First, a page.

Copyright © Feral Tribune 1997
January 13, 1997
Slaughter in Peace
Slaughter in Peace
The only mistake Pavelic made was that he allowed that the then Croatian state disappear, said Dominican priest Vjekoslav Lasic (Novi List, 12/30/96) from the altar of the Wounded Jesus church, in the heart of Zagreb city, at 1 Jelacic Square. Therefore:
- It is not a "mistake" that Pavelic for ten years in emigration under fascist patronage, prepared his Ustashe to, "once the orders arrive", take the power and follow mottoes which were preponderant in "Editorials" in the magazine Ustase signed by Poglavnik: ...Ustashe won't refrain from killing, because when the order to spill blood is issued, rivers of blood will flow... therefore, every Ustasa is waiting for an order to attack the enemy, to butcher and destroy... the most important factors will be dedication, guns, bombs and sharp knives of Croat Ustashe, who will clear and cut all that is rotten from the healthy Croat body... and then, let the world observe murdered and burned corpses of traitors... A KNIFE, A GUN, A BOMB and EXPLOSIVES, these are our idols... But Ustashe will turn even a drop of blood into spurts and rivers of blood, because the blood of enemies will flow in rivers and bombs will scatter their bones like dust. That is correct, for the liberation of the homeland and the Croat people, for the establishment of the Croatian national freedom and independent Croatian state all means are justified, even the most horrendous ones, because the great and sacred goal makes every, even the most horrendous means sacred...
Those who drink blood of the Croat people should be slaughtered, so that their evil never reappears among the Croats (see monthly magazine Ustasha, issues for February, July, October and November of 1932); somewhat later in the Nacela Ustaskog Pokreta [Principles of the Ustashe Movement] (1934), he gave the basis for the future racial laws and the fascist organization of the state inspired by the fascist totalitarian system.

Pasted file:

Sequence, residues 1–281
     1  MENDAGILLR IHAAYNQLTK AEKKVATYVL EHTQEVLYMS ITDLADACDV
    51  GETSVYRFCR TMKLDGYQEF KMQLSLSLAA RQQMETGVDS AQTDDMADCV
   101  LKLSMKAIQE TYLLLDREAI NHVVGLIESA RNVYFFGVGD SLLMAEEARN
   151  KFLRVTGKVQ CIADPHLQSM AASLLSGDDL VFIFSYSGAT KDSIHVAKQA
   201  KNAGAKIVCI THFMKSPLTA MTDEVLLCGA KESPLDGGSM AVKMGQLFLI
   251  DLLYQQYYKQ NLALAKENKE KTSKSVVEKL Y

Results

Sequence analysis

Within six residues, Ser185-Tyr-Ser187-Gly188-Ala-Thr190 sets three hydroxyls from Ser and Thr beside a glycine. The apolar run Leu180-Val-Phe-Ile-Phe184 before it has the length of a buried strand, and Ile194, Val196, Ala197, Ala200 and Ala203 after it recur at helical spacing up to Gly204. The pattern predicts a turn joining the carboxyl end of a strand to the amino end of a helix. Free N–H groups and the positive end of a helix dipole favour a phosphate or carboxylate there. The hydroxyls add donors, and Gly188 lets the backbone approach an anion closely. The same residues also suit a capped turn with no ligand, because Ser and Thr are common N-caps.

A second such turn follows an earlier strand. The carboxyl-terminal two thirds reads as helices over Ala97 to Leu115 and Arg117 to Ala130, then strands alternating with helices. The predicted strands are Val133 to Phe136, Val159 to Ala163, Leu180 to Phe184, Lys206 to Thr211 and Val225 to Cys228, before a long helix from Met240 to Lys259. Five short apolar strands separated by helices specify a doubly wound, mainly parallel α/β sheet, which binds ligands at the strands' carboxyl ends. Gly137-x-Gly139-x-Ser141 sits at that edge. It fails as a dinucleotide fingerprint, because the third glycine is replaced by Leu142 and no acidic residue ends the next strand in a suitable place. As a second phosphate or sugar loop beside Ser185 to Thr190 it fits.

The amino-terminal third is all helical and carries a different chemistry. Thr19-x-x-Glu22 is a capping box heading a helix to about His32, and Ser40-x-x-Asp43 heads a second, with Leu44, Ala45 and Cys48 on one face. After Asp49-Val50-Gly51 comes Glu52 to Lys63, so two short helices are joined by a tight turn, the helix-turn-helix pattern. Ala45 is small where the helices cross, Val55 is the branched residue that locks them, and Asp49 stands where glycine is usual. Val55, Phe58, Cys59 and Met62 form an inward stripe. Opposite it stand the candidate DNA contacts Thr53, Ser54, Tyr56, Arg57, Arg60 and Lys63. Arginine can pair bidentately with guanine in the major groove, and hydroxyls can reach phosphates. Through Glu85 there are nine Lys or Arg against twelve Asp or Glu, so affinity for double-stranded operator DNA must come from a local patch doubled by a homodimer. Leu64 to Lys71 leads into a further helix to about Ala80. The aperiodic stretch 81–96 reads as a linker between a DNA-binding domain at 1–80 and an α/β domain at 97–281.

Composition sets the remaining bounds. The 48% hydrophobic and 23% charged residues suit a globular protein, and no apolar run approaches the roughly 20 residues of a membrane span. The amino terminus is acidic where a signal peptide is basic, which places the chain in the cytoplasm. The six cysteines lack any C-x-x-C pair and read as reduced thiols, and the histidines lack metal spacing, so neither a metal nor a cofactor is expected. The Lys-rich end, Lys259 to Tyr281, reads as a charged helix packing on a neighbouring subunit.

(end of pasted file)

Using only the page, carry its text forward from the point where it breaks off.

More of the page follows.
- Consequently, it also isn't a "mistake" that Pavelic, without delay, in the first month of his rule sent out Dido Kvaternik, Mijo Babic and Maks Luburic to start the implementation of his ideas by shooting 196 Serbs in Gudovac near Bjelovar (4/27/41), mass slaughter (Luburic) of about 400 Serbs in Blagaj near Slunj (May 8 and 9, 1941), mass murder of 260 Serbs, Jews and Croatian Communists in Prekopa near Glina (May 12, 1941), and continued in the same manner with more intensity on many known and unknown killing fields all over Hercegovina, Dalmatinska Zagora, Lika, Kordun and Banija; then he established 26 concentration camps in Croatia and Bosnia in which, based on racial laws, all Croatian and Bosnian Gypsies were exterminated; about 26,000 Jews and tens of thousands of Serbs, as well as several thousands of "unsuitable" Croats also perished in those camps, either as hostages or the victims of military courts.
- It is not a "mistake" that Pavelic ceded Croatian coast to Italy and Medjimurje to Hungary, that he sent Croat soldiers to die at Stalingrad, that he declared war to United Kingdom and USA, that he put the economy of his state in the service of the fascist war machine.